The goal of the project was to expand the OKMRC nursing student externship to include training and participation in healthcare and mental health multidisciplinary teams. To meet this goal, one objective was to recruit 3-6 baccalaureate nursing programs to participate in a 100 hour nursing student externship program with 3 – 8 students in each program. Preference will be given to those programs that participated in 2016, including the University of Oklahoma College of Nursing, University of Central Oklahoma, and Southwestern Oklahoma State University. Another objective was to recruit nursing faculty who are interested in community health, are MRC members, and interested in overseeing the externship at their nursing program.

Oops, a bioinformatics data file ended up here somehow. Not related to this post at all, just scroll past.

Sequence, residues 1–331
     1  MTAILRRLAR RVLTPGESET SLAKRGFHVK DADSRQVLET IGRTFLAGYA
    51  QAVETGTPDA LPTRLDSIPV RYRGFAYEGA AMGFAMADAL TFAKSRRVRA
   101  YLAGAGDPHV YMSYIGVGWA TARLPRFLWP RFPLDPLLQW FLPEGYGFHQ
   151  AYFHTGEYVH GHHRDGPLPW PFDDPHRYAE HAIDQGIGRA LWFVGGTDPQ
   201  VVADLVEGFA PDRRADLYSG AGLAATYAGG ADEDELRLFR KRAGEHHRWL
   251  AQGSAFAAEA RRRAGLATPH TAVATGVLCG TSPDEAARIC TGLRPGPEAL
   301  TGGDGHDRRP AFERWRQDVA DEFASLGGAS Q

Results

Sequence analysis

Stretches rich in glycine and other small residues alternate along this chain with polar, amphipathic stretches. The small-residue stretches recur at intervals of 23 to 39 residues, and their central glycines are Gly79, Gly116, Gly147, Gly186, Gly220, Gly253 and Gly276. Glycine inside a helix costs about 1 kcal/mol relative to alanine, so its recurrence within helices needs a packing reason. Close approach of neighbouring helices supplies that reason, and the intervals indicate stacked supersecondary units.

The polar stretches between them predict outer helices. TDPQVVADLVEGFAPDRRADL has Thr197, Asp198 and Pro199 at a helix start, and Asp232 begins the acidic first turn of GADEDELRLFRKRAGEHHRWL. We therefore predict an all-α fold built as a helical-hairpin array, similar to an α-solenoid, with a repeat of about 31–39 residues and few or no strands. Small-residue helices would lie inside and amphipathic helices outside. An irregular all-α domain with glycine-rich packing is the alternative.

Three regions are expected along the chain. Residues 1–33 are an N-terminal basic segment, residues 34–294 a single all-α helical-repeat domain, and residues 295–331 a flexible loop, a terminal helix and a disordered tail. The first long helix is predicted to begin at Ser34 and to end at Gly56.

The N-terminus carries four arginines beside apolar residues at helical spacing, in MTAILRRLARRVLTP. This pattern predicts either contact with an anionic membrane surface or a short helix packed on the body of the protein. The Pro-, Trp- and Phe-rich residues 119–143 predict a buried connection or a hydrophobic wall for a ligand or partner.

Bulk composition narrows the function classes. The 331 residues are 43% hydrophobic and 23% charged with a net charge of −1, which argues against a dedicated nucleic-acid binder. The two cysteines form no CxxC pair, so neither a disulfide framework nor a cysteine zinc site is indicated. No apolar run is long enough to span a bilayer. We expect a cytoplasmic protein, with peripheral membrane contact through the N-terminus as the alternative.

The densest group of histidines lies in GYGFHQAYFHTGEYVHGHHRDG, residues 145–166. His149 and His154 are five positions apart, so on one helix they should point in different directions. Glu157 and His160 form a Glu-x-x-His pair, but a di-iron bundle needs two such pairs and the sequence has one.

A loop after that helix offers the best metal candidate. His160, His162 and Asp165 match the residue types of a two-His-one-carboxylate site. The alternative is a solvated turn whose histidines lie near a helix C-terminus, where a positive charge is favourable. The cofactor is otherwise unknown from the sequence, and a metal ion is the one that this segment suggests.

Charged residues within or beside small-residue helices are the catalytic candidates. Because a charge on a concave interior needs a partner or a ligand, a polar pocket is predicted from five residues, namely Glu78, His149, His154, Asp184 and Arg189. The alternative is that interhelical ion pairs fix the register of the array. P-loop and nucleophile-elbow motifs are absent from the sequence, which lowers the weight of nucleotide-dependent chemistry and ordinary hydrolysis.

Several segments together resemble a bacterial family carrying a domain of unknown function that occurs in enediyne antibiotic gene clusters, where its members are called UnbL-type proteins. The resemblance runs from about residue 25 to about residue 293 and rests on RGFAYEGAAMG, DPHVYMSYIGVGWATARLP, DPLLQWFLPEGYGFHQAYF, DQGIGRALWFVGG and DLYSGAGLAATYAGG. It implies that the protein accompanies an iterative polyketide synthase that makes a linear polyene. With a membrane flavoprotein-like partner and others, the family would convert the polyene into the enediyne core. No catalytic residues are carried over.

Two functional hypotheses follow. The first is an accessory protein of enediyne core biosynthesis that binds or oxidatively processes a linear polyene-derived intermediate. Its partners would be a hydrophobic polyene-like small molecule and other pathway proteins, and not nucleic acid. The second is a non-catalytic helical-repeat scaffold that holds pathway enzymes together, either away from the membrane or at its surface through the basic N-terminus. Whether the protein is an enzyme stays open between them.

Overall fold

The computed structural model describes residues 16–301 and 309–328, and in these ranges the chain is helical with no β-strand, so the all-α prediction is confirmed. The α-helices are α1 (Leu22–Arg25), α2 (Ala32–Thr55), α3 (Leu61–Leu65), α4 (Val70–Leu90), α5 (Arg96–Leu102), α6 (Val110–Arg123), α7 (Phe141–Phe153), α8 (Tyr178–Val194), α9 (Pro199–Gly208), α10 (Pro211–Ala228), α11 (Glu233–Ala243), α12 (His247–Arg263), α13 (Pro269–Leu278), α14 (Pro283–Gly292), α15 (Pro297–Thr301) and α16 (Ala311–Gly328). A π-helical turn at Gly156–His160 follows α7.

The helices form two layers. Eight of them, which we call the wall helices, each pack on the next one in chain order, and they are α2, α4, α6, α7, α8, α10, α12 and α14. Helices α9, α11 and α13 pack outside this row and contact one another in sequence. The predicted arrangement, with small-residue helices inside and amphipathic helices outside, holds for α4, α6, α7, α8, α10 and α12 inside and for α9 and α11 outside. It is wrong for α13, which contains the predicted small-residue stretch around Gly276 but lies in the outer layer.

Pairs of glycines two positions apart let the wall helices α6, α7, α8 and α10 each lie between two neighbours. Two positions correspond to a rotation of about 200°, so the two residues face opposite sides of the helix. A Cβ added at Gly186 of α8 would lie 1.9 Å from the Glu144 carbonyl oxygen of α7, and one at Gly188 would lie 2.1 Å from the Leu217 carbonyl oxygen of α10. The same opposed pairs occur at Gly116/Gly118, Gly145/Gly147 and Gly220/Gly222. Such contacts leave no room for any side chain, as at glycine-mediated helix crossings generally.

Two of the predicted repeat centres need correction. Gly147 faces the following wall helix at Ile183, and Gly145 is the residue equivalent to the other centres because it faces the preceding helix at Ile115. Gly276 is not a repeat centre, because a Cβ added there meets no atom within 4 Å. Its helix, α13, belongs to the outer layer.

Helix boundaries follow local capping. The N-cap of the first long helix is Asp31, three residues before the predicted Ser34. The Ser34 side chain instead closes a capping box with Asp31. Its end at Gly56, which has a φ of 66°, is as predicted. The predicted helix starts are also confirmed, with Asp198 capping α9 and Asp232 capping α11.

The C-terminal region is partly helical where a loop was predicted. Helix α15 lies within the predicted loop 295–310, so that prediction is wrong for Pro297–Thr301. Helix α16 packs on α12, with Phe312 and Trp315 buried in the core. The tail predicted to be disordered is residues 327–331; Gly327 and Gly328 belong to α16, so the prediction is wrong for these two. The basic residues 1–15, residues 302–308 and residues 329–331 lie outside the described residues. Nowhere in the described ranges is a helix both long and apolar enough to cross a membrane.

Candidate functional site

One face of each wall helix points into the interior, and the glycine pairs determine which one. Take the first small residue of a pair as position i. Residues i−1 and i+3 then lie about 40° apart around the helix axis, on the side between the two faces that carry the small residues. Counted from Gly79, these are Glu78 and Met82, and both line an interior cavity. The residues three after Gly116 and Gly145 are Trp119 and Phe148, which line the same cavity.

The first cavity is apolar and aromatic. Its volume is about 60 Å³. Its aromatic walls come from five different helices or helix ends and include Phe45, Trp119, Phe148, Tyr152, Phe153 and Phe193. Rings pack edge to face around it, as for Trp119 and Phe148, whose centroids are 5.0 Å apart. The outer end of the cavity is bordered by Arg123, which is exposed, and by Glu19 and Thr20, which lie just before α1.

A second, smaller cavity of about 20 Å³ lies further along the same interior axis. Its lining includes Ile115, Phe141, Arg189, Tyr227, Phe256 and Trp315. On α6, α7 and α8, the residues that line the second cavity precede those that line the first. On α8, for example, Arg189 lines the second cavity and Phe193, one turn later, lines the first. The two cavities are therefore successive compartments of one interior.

Nursing student externs would meet regularly with nursing faculty, Stress Response Team leaders, and MRC volunteers to work toward the following externship goals:
Externship broad goals:
- Discuss the role of public health in emergency preparedness, response, and recovery
- Examine the role of disaster behavioral health in disaster response and recovery
- Describe and demonstrate effective multidisciplinary teamwork
- Describe potential impacts of volunteering as an OKMRC nursing student on future professional choices and development
The time frame was that all faculty and students were identified by June 1, 2017.
There were no start up costs.
Quantitative data: Hours The project tracked the hours that externs, Stress Response Team volunteers, and MRC nursing faculty spent on the externship. Outreach hours included the hours of the high school students interacting with the externs and the hours of non-extern nursing students who received instruction from the externs.